Although most of us would think of spring cleaning as an annual housekeeping chore (& maybe a chance for a little physical exercise), there’s data to show that it can also be a great way to promote good mental health habits and conduct some self-care. In this blog, we explore why freshening and “spring cleaning” your living space – and your brain – can have a positive impact on your emotional well-being & mental health.
How Can Spring Cleaning Your Living Space Help Your Mental Health?
- A Sense of Control & Accomplishment. Spring cleaning is a great way to take charge over creating a fresh, organized & appealing living space. Completing spring cleaning can also create a (legit!) sense of accomplishment, which is a confidence booster and could also inspire you to take on another project or goal you’ve been considering.
- Reduced Stress. Stress levels can increase with the piles and clutter. It’s difficult to enjoy and relax in your living space when it’s in disarray or dirty. Tackling the issue, even one task at a time, can bring a renewed sense of calm as your surroundings improve and goals are accomplished.
- It Signifies a Fresh Start. The spring season represents fresh beginnings / new life. Completing spring cleaning tasks can help you make that same shift in your mind, and approach other aspects of your life with a fresh new attitude.
- Improved Mood. Having an organized and tidy living space makes it a more pleasant experience to spend personal time / socialize there, which can boost your mood.
- Focus on Finances. Spring cleaning can help you locate misplaced bills, tax receipts or important documents that need to be safeguarded. It can also help you identify wasteful spending habits or opportunities to trim / reorganize your monthly budget. Getting your financial “house” in order can be a huge relief and is a first step towards improved financial management. And spring cleaning can help.
- Improved Social Connections. It’s difficult to feel open about sharing your living space with friends, family, neighbors and colleagues when it’s cluttered or dirty. A cleaner space makes it easier and more comfortable to invite people into your space, which is a great way to foster supportive social connections.
- Relief from Seasonal Affective Disorder (SAD). SAD is a type of depression that’s related to changes in seasons and is characterized by increased sadness, changes in sleep and eating patterns, and an overall lack of energy during the fall and winter months. Especially for individuals struggling with SAD, spring cleaning can aid in symptom relief because it’s a reminder that the weather is getting warmer and the days are getting longer again.
- Helps Regulate Emotions. The act of spring cleaning itself can offer a calming effect during overwhelming situations, because it requires you to focus on the task at hand and slow down, helping you explore and manage your emotions.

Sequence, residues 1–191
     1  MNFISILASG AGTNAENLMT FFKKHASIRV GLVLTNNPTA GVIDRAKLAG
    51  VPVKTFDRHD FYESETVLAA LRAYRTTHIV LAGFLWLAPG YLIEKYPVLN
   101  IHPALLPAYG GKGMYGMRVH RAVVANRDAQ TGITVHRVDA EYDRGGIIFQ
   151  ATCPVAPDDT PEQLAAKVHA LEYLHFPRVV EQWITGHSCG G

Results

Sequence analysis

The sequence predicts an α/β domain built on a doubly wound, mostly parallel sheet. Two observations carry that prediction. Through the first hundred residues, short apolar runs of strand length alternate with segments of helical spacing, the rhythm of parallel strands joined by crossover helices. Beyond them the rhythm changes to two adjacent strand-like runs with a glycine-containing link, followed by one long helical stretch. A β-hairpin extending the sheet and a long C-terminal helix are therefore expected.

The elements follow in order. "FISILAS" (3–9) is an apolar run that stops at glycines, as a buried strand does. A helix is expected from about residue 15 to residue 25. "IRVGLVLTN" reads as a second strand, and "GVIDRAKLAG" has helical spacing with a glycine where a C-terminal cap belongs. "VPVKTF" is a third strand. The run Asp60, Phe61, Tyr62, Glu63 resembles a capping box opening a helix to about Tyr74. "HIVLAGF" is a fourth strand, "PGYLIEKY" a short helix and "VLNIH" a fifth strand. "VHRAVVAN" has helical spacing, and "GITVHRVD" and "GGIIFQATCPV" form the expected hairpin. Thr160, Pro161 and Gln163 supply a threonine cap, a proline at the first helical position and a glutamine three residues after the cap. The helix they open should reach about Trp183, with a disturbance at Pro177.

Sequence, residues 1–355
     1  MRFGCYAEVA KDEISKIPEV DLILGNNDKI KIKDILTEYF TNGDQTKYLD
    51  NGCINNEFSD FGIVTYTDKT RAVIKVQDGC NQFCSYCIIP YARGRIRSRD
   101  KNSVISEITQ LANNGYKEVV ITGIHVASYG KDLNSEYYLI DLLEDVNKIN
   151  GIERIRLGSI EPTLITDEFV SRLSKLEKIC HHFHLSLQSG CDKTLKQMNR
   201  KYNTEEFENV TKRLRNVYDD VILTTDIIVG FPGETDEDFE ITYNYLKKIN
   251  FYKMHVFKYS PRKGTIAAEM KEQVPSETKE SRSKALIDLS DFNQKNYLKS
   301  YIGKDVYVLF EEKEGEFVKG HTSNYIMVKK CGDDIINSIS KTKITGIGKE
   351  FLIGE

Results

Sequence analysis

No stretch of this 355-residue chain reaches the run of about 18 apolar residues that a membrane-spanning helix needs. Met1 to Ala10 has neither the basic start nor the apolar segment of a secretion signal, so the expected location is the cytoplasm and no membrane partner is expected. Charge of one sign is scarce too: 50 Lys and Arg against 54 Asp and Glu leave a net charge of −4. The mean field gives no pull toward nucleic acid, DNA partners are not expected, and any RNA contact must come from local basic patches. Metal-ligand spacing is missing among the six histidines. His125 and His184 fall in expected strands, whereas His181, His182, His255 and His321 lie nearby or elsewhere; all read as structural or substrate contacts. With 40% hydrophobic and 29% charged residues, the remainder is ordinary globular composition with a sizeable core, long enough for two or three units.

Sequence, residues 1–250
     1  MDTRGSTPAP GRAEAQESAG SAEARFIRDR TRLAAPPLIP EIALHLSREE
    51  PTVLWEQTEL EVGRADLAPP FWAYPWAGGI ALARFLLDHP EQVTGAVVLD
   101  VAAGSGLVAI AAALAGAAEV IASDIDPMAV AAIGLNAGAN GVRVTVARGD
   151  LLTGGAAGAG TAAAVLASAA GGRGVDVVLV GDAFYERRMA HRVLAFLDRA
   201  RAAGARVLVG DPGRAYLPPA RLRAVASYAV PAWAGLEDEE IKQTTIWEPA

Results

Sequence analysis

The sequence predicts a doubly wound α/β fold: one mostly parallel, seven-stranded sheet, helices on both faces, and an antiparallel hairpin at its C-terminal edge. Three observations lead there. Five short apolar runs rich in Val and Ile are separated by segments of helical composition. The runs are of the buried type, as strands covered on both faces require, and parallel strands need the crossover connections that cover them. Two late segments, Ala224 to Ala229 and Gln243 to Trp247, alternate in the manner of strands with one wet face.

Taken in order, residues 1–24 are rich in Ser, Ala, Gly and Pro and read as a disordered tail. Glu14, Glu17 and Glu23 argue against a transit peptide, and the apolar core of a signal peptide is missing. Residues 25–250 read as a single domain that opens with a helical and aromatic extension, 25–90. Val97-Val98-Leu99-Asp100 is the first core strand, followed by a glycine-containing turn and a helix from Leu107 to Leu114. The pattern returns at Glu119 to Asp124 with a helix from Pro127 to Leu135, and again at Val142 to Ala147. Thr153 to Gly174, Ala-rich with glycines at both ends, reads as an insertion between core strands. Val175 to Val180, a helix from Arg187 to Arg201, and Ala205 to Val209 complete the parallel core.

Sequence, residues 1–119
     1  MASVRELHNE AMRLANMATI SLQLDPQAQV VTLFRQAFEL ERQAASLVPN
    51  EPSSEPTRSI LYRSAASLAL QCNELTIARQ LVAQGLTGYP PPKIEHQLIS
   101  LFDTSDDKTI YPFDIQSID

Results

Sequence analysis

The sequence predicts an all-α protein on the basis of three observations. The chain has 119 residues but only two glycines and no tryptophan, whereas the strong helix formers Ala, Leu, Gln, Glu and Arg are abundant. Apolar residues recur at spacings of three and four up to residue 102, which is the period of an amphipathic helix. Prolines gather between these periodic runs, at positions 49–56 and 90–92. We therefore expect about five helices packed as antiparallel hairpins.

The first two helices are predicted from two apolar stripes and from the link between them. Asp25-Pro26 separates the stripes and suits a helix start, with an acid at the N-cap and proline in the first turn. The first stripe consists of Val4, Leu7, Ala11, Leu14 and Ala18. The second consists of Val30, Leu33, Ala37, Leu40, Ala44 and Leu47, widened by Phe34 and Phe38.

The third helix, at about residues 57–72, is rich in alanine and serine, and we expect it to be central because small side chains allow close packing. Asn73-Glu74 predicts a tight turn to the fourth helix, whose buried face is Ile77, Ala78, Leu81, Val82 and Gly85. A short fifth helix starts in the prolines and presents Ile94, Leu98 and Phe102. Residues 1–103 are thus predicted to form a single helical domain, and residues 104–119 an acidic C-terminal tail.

- One Good Habit Can Lead to More! Getting your spring cleaning done may inspire you to make positive changes in other areas of your life. For example, when the kitchen is clean, preparing meals at home is easier (vs. ordering take-out); a peaceful bedroom makes creating a healthy sleep routine more appealing; a more tidy and efficient space gives you time / opportunities for walks around the neighborhood. Little changes can have an impact.
What if You Just Don’t Have the Energy for Spring Cleaning Today?
Feelings of stress, exhaustion, guilt, or feeling overwhelmed by mounting chores can make it harder to find the energy to clean things up. Don’t force it; do as much or as little as you can manage:
- Tackle just one room, or even one task, at a time
- Allocate an amount of time you can dedicate, and do what you can
- Get organized by starting a To-Do list
Every single effort is an accomplishment, is something to check off that list. To keep from feeling overwhelmed, ask yourself:
- What spring cleaning task is the best use of my time & energy?
- Is there a specific task I’d feel really good about completing?
- What might take the least effort, or the type of energy I’m able to give today?
- What will have the biggest impact / payoff for me?
And if you can’t manage spring cleaning today, that’s OK too.
“Spring Clean” Your Brain, Too
The start of a new season is often a good time to also consider a transition (a “spring cleaning” of sorts) within your mind, to feel the mental boost of starting with a clean slate. A refreshed and optimized living space can also inspire a positive spill-over effect into other areas of your life. Just like spring cleaning, it will take a little time, effort and energy, but here are a few of the best things you can put on your self-care To-Do list, even if you need to take them on one at a time:
- Regulate your sleep schedule
- Get active / move more
- Eat heath(ier) foods
- Practice mindfulness meditation
- Foster positive social connections /relationships with those in your support network
- Seek therapy if you need more support
IntraSpectrum Counseling is Chicago’s leading psychotherapy practice dedicated to the LGBTQ+ community, and we strive to provide the highest quality mental health care for multicultural, kink, polyamorous, and intersectional issues. For anyone needing affirming and validating support, please click here to get started.